Jiayi Gu

Date of Award


Document Type

MA Project - Restricted Access (SIA Only)

Project Type

MA Project - Curatorial Proposal

Degree Name

Master of Arts (MA)


Art Business

First Advisor

Morgan Falconer

Second Advisor

Leo Krakowsky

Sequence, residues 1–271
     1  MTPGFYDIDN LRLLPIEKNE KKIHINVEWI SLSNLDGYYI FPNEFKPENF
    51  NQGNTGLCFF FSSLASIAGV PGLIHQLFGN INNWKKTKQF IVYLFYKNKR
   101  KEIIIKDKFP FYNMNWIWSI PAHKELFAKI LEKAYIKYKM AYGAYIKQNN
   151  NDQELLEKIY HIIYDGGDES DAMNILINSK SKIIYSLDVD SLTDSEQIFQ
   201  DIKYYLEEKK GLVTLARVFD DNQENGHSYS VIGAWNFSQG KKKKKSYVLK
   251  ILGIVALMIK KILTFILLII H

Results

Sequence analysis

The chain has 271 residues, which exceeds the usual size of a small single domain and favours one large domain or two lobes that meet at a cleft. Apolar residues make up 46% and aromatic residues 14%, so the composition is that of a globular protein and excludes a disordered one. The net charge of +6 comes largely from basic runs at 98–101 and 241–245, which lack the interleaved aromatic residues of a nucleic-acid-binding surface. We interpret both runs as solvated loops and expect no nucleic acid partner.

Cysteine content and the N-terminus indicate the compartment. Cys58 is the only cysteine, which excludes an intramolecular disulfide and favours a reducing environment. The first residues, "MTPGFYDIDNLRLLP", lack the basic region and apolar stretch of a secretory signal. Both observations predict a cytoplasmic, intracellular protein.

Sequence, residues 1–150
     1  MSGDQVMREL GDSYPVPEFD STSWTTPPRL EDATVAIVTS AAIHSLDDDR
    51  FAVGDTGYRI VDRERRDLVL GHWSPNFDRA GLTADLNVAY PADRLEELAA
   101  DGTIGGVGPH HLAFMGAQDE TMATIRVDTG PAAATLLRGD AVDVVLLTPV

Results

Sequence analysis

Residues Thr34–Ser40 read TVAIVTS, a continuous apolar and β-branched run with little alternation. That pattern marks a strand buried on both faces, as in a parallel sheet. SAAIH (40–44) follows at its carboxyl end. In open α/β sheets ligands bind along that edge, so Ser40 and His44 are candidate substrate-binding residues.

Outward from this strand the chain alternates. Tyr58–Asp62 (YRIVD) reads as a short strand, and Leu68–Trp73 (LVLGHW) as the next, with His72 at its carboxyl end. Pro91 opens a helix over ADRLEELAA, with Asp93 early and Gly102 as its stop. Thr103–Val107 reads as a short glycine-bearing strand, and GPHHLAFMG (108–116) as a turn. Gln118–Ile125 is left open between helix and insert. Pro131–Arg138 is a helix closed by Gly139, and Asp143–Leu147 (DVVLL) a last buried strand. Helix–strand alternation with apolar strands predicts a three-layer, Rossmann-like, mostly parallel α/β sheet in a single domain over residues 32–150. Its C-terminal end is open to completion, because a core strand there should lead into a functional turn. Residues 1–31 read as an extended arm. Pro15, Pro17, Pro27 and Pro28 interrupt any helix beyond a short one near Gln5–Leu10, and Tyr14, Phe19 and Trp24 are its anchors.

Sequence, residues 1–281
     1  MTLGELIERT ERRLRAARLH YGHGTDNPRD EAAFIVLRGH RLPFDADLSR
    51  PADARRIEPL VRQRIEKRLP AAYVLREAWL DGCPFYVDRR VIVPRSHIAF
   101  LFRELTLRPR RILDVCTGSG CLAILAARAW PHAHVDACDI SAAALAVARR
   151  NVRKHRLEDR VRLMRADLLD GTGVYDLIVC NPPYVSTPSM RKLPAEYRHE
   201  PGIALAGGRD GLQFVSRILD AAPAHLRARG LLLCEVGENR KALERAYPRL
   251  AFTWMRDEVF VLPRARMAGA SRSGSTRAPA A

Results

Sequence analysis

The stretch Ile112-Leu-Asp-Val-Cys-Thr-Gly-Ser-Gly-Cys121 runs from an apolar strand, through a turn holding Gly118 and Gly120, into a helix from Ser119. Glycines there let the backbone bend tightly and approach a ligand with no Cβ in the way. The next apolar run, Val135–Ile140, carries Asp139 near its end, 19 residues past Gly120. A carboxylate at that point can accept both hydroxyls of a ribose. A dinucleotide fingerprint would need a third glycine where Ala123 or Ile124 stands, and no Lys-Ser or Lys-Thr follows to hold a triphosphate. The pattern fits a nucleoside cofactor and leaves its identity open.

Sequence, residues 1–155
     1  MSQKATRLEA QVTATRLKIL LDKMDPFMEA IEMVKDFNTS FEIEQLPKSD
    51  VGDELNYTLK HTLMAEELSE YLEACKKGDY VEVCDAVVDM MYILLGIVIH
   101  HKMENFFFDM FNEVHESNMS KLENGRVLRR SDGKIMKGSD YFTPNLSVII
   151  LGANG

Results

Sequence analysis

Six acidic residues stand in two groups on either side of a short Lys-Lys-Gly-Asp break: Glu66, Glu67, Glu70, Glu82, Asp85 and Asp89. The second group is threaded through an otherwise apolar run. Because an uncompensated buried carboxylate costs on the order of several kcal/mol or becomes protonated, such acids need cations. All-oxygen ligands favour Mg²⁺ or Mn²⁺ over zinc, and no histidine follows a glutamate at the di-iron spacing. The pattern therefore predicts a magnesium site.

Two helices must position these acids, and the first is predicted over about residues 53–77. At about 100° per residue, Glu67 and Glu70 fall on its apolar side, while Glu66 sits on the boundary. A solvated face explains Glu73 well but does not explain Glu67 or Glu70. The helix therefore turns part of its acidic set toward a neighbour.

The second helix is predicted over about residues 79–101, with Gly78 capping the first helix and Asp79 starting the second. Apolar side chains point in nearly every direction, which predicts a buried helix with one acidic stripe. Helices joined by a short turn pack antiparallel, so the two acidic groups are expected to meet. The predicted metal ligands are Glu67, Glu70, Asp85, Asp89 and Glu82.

Focusing squarely on ceramics, this exhibition will take the form of a group show featuring five contemporary artists exploring the theme of fragmented figuration. Participating artists include Natalia Arbelaez, Rachelle Dang, Elizabeth Jaeger, Elisa Soliven and Jessica Stoller. Thanks to the evolving discourse surrounding craft and art, ceramics, once solely associated with craft, have undergone a transformative journey, now gaining prevalence in the contemporary art scene. This exhibition thus aims to challenge traditional notions of ceramics by spotlighting its contemporary manifestation as an autonomous art form, rich in concept, expression, and existence. The title of the show, Chameleon: Figuration in Ceramics encapsulates two key elements: “Chameleon” is the metaphor for ceramics, the multifaceted medium capable of assuming myriad forms, while also alluding to the diverse expressions the artists mold from clay. “Figuration,” particularly fragmented figures, is the common thread among the artists' works, calling attention to ceramics' unique corporeal and tactile qualities. Drawing inspiration from historical, cultural, and personal narratives, the featured artists exemplify the versatility and expressive potential of clay as a medium for storytelling, reclaiming colonial histories, exploring personal narratives and defying preconceptions towards the female body. Colombian-American artist Natalia Arbelaez draws upon traditional Latin American and Amerindian techniques and imagery to examine historical influences on cultural identities, molding together lived experiences with indigenous legacies to reflect her mixed identity. Rachelle Dang, informed by the environmental legacies of 2 colonialism and her upbringing in Hawaii, intertwines personal experiences with ecological, ancestral, and colonial narratives, shedding light on the untold history and invisible labor through relic-like works. Elizabeth Jaeger infuses emotions and experiences into handcrafted renditions of everyday objects and figurative sculptures that evoke both familiarity and unease, defy easy categorization and celebrate the intricate ambiguity of our collective reality, inviting viewers to reconsider their relationship with physical presence, surroundings, and consciousness. Elisa Soliven builds ceramic sculptures reminiscent of archaeological artifacts and transforms familiar objects into vessels for personal mythologies and social commentaries through gestural mark-making, layering and embedding. Last but not least, Jessica Stoller employs clay and the grotesque as mediums to interrogate societal constructs of femininity. She synthesizes cultural, historical, and corporeal perspectives on the female body to expand the feminist visual lexicon and create room for subversion, defiance, and whimsy. Attesting to the enduring relevance and boundless possibilities of ceramics as an evolving art form that continues to inspire, this exhibition probes the significance of figuration in ceramics, inviting viewers to contemplate the complexities of human existence through the medium of clay and to reassess their perceptions of history, body, gender, and identity. The show will be on view for three weeks in June 2024 at the LES Gallery in New York City. The choice of this 600-square-feet gallery space was carefully considered for its bright, well-lit ambiance, ideal for showcasing ceramics that require ample light for close examination. Location-wise, the neighborhood has Chinese restaurants, salons, and utility stores, which aligns with ceramics’ dual nature as both 3 functional and decorative. Additionally, the presence of other contemporary galleries in the area offers the potential to attract foot traffic to the exhibition.